In addition, it was confirmed that the result of mapping the characteristics confirmed from Compound C is the same as in FIG. 10 because of the structural similarity between the Compound C and Compound B.

Example 4—Screening Using a Fit Value

Four sub-receptor-ligand-based pharmacophore models constructed in Example 2 above were used to screen TLR2 antagonist candidate materials from a commercially available library of approximately 7 million molecules. The Search 3D Database of DS 4.0 was used and each of the above four models was set as an input. The Best Search method was used to calculate the fit value of the ligand to the pharmacophore model. Based on this value, 500 molecules (hits) that were ideally mapped to each model were obtained. As a result, 2000 hit molecules were selected from a total of four models.

Example 5—Screening Using Molecular Similarity

In order to select TLR2 antagonist candidate materials from a commercially available library of about 7 million molecules, in accordance with the same method as in Example 4 above, 2,312,604 hit molecules were selected from the ligand-based pharmacophore model 1 with Compound A as an input and 1,651,005 hit molecules were selected from the ligand-based pharmacophore model 2 with Compound B as an input.

In order to further select the 3,963,609 hit molecules selected from the two models, the scoring function of ROCS_tanimoto-Combo according to the shape and atomic type similarity of the query and hit molecules was used. Compound A was used as a query molecule for comparison with 2,312,604 hit molecules obtained from the ligand-based pharmacophore model 1, and Compounds B and C were used as a query molecule for comparison with 1,651,005 hit molecules obtained from the ligand-based pharmacophore model 2. As a result of the scoring, a total of 1,500 hit molecules were selected from the ligand-based pharmacophore model.

Example 6—Screening of Drug-Like Compounds

In order to further screen drug-like compounds required for the development of new drugs among the 2,000 hit molecules obtained in Example 4 above and 1,500 hit molecules obtained in Example 5 above, that is, a total of 3,500 hit molecules, Lipinski and Veber rule and ADMET (absorption, distribution, metabolism, excretion, toxicity) characteristics were used.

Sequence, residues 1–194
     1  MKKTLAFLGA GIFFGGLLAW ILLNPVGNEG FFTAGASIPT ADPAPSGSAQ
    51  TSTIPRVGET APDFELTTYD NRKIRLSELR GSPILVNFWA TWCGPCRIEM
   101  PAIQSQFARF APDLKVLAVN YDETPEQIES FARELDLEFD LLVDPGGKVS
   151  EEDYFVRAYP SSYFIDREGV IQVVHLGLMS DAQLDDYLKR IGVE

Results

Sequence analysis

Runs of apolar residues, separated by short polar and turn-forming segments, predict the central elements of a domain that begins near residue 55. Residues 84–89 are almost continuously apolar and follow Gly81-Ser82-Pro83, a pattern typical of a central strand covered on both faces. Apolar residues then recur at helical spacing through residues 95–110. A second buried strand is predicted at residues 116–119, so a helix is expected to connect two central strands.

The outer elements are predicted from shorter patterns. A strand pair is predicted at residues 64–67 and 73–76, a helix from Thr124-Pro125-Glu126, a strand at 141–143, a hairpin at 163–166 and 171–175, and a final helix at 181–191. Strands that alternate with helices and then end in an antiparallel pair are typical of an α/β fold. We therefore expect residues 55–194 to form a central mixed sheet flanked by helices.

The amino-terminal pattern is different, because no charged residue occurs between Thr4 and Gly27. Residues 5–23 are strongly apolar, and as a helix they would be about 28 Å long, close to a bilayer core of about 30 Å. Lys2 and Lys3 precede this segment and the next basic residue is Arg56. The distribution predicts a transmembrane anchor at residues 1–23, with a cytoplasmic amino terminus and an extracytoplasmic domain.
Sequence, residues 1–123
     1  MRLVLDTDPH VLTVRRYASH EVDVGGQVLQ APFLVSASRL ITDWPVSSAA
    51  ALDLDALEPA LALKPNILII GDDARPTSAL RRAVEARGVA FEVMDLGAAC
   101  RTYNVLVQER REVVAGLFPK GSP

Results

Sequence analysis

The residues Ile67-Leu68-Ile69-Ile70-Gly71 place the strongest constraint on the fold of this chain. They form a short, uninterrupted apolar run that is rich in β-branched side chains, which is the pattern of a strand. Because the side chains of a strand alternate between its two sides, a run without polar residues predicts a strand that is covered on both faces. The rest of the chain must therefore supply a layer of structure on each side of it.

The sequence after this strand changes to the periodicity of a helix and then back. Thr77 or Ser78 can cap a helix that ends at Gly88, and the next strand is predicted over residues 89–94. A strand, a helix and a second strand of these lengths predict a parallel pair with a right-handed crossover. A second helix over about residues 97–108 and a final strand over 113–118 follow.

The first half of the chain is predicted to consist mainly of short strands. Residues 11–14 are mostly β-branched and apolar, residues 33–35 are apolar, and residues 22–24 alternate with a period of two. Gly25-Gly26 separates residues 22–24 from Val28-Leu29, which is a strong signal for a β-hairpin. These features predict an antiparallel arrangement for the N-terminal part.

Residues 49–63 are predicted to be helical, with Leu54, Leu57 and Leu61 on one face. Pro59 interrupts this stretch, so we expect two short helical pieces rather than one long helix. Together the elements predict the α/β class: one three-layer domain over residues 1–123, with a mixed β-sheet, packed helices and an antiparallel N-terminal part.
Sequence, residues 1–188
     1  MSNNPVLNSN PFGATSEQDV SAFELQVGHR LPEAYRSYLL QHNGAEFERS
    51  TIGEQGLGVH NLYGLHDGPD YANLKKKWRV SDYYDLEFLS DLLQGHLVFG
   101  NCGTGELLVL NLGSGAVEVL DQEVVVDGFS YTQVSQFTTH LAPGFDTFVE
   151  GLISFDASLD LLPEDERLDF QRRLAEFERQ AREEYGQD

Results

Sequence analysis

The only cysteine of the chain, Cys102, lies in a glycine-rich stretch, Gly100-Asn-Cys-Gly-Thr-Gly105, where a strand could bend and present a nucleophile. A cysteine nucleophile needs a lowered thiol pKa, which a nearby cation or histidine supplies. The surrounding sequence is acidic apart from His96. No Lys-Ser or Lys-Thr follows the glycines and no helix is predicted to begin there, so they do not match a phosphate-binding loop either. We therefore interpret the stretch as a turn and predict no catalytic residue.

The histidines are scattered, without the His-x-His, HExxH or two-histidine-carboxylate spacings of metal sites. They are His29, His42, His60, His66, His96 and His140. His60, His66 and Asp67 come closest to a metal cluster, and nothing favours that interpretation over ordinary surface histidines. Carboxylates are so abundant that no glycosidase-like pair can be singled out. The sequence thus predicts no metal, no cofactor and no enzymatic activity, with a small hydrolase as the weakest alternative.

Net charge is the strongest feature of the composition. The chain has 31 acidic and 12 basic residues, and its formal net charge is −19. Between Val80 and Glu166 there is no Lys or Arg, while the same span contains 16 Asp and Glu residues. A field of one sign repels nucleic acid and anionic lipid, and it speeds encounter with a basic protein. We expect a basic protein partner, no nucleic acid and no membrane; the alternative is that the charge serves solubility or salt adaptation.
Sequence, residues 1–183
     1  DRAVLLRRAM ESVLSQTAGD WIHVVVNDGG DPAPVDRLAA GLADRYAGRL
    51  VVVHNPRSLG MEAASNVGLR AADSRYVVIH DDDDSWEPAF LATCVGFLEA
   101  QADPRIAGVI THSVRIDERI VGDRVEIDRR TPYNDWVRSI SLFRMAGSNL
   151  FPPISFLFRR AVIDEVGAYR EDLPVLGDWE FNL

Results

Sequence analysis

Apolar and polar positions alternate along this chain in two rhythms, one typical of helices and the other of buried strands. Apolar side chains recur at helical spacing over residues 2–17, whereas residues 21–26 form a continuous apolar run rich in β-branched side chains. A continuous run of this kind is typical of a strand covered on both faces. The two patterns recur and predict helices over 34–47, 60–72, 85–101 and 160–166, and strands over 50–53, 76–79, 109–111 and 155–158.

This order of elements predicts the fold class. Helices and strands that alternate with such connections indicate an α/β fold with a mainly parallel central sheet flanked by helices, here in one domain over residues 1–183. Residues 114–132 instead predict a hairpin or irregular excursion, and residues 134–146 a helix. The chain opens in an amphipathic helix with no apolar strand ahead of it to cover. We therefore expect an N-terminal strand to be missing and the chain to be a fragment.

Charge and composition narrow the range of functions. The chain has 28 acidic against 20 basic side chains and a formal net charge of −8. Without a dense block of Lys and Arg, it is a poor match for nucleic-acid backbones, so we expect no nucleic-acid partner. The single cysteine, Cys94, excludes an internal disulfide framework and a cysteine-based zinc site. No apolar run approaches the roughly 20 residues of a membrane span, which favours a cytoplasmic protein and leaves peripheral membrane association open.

Specifically, the Lipinski and Veber rules were used as a filter for screening compounds with better oral bioavailability. The characteristics of ADMET (absorption, distribution, metabolism, excretion, toxicity) were used to identify good absorption, adequate solubility, low blood-brain penetrability, cytochrome P450 2D6 non-inhibition, non-hepatocellular toxicity, and non-plasma protein binding ability.

As a result, 1,126 molecules selected as drug-like compounds from a total of 3,500 hit molecules were confirmed. The drug-like characteristics of the candidate compounds were calculated and selected to exclude molecules that were not available at the drug development stage.

Example 7—Molecular Docking and Scoring

The molecular docking of the TLR2-TLR1 dimer was used to select the optimal docking pose and screen ligand for ligand-receptor binding. The ligand was prepared with the Prepare Ligand module of DS 4.0. The binding site of the lipopeptide was selected as the docking site. For optimal screening, the screening was performed using two programs: CDocker (using CD, CHARMM force field) and AutoDock (AD) Vina.

More specifically, the 1,126 drug-like compounds obtained in Example 6 above were docked to four Pam3CSK4 sites using CD. At this time, as illustrated in FIG. 11, spheres having a radius of 13 Å, which mostly cover the sites B and C, were used. The CD interaction energy was calculated, and as a result, the top 100 poses of about 60 compounds were screened.

The 100 poses were re-docked using AD Vina. At this time, the dock_runscreening protocol was applied. As a result, the top 26 poses with excellent docking were screened based on the AD affinity energy value.

Example 8—Rescoring of Docking Complexes

Docking complex scoring was performed using binding free energy to determine the driving force of protein-ligand interaction.